New Hanover County Arboretum is a gem of a day trip located in Wilmington North Carolina. These spectacular gardens host educational programs, publications, and events.
My visit was in July of 2019. It was a touch warm that day (lol!) but I enjoyed photographing quite a bit of the gardens, sculptures, Japanese Tea House, water gardens, and Children's Garden.
Here is a small gallery of flower photography from the flower gardens there. The variety of pollinators, that are very fond of these gardens, are minimally represented here as well.
I do not know the names of the flowers. If you know any of the names feel free to post them in the comments!
The New Hanover County Arboretum Water Garden's Dragon Sculpture.
New Hanover County Arboretum Water Garden's koi fish.
Tiny forest are essentially miniature landscapes that can be found almost anywhere if you have a lens that sees them. In this case I was exploring some old wooden fence post tops with a Canon 100mm Macro Lens
These little natural fungi and moss forest have quite an array of: colors (especially for February), shapes, and plant life. Here are some top down images of the tops of the posts.
Some side view images. The narrow depth of field is helpful to highlight one particular plant in the forest.
This subject is something I look forward to photographing more in the future. As the seasons change the variety of plant life must change with it so it will be interesting to go back to these same posts and see how they change.
Animal Photography isn't something I have a tremendous amount of patience for so I rarely go out to photograph animals on purpose.
Generally I go on a photo adventure to a specific area to explore nature photography in that area. If there happens to be animals there (alive or dead) I'll photograph them. If not, so be it.
I never realized that I had amassed so many animal photos until I started looking to put things together for this blog post. There are hundreds!
So this will be Animal Photography Blog Part 1 about Animals That Fly. Featuring: birds, ducks, eagles, butterflies, dragonflies, and a variety of insects from the Kingdom Animalia.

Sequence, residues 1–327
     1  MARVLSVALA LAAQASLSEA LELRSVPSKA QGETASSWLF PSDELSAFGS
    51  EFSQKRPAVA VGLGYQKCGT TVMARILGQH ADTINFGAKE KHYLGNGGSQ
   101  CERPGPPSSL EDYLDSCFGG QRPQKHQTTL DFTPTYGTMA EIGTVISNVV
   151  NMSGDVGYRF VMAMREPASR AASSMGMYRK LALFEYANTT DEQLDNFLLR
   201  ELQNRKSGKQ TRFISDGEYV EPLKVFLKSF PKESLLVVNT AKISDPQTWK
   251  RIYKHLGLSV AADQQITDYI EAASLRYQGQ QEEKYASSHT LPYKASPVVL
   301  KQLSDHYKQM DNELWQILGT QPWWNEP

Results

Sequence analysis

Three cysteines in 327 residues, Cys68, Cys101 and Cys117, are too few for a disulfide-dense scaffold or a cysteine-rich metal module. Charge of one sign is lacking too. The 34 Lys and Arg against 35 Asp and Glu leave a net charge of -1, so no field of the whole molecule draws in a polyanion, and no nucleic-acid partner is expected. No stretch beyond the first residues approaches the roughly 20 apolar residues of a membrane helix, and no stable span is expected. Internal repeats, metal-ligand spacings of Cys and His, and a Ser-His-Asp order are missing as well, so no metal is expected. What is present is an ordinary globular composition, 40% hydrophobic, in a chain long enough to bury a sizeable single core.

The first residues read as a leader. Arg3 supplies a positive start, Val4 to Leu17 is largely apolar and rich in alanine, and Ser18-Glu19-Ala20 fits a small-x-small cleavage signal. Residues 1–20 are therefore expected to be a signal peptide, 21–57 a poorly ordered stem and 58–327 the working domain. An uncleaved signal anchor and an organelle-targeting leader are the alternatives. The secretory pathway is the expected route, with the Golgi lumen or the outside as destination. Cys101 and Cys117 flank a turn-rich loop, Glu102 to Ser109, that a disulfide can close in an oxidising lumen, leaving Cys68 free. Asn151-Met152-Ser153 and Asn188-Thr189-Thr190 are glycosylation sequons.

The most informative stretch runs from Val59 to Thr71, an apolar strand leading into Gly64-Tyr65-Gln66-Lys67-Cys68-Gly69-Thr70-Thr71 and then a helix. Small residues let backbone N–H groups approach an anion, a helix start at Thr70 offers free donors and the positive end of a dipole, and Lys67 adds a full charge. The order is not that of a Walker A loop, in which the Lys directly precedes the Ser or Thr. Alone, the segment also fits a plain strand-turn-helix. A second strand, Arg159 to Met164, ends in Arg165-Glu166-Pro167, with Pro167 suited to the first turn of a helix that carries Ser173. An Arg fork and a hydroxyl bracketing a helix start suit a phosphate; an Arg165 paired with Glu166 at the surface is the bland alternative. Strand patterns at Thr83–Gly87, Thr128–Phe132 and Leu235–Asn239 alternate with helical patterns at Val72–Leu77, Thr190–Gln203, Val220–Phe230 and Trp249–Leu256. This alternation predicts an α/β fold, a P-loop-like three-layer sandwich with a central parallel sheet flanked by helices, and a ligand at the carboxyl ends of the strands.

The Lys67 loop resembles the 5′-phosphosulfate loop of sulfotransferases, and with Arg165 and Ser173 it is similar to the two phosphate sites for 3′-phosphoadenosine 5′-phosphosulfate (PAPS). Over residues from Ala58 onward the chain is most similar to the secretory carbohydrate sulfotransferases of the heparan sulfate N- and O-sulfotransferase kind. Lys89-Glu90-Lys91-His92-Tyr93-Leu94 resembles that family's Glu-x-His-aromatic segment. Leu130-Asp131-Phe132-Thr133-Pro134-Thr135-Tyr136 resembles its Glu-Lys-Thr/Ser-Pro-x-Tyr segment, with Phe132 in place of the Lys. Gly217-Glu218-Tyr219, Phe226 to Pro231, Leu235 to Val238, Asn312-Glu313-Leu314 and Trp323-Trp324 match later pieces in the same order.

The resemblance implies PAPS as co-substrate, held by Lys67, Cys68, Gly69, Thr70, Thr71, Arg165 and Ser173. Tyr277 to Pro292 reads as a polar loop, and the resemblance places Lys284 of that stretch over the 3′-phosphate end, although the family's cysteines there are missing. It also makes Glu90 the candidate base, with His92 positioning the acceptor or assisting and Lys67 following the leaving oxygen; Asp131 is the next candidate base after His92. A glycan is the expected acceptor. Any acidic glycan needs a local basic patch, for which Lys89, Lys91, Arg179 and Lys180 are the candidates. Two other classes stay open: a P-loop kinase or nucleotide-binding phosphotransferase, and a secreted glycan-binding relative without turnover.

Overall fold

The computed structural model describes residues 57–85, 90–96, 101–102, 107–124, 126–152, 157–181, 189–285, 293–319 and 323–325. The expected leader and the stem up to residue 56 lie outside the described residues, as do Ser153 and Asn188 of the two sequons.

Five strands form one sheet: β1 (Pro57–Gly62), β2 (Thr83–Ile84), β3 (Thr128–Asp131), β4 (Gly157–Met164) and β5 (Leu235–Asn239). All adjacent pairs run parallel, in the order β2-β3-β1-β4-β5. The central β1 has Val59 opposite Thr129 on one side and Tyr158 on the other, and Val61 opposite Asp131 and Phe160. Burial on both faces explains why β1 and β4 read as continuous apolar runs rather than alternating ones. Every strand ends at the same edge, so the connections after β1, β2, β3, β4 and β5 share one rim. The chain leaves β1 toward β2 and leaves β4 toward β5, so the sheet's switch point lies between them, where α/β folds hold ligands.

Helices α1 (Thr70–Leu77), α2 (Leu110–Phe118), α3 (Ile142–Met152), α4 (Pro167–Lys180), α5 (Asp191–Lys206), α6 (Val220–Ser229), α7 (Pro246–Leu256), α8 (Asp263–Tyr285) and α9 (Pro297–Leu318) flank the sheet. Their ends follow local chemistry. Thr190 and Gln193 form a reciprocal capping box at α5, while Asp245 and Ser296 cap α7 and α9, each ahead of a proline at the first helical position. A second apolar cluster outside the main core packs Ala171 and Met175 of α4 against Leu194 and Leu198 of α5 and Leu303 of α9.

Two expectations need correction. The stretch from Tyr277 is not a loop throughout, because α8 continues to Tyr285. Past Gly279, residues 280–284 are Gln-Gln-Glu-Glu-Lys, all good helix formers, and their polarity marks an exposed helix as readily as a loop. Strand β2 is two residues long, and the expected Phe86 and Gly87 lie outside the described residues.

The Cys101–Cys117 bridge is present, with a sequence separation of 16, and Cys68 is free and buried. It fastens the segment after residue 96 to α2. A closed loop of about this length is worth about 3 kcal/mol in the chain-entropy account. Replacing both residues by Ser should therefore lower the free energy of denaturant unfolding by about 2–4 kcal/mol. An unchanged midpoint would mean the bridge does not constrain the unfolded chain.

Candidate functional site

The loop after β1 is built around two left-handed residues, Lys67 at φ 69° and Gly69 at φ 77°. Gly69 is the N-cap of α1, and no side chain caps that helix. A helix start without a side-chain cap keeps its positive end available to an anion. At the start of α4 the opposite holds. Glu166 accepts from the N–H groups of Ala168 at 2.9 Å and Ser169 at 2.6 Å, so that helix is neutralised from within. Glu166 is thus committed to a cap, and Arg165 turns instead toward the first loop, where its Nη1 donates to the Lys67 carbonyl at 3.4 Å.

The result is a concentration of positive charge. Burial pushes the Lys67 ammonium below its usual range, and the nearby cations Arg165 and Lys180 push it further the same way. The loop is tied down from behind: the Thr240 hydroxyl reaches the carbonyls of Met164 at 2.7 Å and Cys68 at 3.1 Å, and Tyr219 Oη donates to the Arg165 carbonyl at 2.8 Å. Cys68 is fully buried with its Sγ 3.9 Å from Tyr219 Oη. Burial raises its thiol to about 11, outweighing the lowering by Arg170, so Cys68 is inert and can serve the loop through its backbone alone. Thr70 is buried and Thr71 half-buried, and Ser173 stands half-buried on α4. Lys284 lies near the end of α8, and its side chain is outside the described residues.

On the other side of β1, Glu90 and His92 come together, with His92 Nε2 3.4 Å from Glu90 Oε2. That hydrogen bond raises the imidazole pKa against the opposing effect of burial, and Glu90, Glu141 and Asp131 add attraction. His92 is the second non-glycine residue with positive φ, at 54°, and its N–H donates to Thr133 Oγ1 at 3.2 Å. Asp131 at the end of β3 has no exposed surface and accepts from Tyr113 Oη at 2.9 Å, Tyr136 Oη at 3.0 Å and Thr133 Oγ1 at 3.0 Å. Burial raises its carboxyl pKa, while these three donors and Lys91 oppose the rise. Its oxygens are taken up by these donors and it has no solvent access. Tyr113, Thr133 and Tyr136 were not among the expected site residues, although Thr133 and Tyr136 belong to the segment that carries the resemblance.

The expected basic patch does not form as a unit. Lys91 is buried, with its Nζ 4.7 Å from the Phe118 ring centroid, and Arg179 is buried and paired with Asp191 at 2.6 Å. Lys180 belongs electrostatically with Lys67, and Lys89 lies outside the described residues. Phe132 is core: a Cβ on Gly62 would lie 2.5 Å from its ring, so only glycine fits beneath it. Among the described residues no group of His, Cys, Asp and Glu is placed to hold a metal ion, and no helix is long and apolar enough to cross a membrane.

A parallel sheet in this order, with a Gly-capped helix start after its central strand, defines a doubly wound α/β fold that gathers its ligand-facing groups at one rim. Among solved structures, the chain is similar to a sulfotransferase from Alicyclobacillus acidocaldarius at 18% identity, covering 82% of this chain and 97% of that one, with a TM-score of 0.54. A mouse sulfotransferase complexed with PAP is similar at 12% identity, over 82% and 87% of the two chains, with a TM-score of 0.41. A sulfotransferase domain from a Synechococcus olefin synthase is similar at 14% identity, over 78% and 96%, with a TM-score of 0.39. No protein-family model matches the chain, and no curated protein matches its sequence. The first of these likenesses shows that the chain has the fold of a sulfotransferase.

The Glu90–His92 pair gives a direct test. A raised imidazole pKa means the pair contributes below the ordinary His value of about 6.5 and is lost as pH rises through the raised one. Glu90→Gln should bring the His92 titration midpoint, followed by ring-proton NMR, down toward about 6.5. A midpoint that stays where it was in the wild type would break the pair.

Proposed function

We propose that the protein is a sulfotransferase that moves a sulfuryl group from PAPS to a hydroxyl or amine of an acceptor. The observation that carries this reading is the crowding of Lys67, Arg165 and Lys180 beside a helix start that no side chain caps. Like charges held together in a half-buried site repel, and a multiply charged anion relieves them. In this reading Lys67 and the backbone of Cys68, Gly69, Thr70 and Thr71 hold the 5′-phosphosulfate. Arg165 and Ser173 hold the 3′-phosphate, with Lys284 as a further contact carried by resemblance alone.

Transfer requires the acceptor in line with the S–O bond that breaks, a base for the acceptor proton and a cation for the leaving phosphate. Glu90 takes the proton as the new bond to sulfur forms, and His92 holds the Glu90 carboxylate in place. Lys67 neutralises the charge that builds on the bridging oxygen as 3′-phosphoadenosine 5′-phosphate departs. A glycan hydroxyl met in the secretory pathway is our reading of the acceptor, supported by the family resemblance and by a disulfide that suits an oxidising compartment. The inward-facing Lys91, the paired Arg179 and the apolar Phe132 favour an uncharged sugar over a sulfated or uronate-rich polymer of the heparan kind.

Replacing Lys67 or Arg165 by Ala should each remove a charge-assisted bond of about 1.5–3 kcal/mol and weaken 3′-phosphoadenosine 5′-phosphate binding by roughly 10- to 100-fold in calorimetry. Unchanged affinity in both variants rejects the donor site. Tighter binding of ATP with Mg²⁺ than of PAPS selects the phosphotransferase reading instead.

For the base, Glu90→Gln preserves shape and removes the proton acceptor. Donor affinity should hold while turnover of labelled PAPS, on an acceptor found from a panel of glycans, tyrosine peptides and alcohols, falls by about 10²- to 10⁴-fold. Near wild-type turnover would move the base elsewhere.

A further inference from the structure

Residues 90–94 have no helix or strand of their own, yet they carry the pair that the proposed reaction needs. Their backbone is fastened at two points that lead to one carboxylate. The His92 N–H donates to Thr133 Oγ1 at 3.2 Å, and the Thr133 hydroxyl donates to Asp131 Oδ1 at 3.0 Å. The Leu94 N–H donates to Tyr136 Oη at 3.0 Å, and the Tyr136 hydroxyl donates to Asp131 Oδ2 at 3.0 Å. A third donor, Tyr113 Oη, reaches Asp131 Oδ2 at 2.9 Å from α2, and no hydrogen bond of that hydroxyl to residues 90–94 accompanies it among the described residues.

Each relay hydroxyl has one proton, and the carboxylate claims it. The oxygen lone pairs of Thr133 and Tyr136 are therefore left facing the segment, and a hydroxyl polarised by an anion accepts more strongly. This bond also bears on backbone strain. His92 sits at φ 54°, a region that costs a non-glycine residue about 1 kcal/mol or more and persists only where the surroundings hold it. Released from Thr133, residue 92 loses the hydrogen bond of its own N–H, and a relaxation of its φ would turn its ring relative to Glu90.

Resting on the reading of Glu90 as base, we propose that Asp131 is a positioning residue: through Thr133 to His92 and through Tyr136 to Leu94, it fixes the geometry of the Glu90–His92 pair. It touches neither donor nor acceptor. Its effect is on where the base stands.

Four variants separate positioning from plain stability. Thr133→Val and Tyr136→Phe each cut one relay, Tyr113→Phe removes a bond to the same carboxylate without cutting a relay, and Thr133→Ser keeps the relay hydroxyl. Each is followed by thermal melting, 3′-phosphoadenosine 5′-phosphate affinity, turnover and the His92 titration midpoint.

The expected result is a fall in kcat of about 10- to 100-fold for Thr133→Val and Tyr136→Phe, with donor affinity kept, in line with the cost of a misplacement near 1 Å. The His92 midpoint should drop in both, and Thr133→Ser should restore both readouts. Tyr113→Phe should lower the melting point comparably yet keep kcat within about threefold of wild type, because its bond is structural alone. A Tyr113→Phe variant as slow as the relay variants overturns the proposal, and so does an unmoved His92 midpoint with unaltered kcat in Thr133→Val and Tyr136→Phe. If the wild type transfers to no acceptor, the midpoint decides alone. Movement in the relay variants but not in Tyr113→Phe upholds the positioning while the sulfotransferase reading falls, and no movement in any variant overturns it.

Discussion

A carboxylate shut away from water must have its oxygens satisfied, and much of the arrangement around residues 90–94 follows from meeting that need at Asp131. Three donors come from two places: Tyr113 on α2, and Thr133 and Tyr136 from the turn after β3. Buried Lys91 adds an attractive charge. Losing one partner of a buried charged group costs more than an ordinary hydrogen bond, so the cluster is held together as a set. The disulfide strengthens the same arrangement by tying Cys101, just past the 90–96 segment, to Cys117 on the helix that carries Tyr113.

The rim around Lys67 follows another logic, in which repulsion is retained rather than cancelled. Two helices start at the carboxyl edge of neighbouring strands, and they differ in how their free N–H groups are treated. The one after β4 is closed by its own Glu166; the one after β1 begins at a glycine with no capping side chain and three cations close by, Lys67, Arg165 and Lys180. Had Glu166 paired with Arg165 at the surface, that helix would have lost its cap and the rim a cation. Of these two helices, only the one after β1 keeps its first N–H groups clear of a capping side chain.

The subsequent blogs will feature other animal related themes. I hope you enjoy them!
Macro Photography is photographing subjects that are often quite small in a way that creates a larger than life sized image. Macro can be for scientific purposes, or, simply a tool to explore the tiny little scenes that play out around us every day. It's a wonderful type of photography that opens up all sorts of new areas of interest but it also requires a little more patience and control with the camera. Check out my top 3 tips below!
Macro Photography Tips:
1. You will need more light than you think: If it's not a bright sunny day you may need to add some light. There are a few different types of Macro Flashes on the market but if you're not quite that dedicated to macro then simply get creative with whatever you have. You just need to bounce some extra light into the area immediately in front of your lens. On on camera flash modifier can work to do this as well as a reflector.
2. The DOF can be wickedly shallow: When you are in this tightly to your subject a good amount of background blur is essential in some cases. A sturdy tripod will be a good way to deal with the very shallow depth of field you may elect to use. If you subject is moving then simply move your body back and forth instead of continuously refocusing.
3. Shoot a lot of frames: When you think you may be done shooting your subject, shoot a few more frames. These small subjects and shallow depth of fields make even a half a millimeter off a very big deal.
4. Don't take it to seriously in the beginning: Jump in there, have fun, shoot a lot, and explore the tiny scenes on our planet!
Exploring photography has been a life long passion.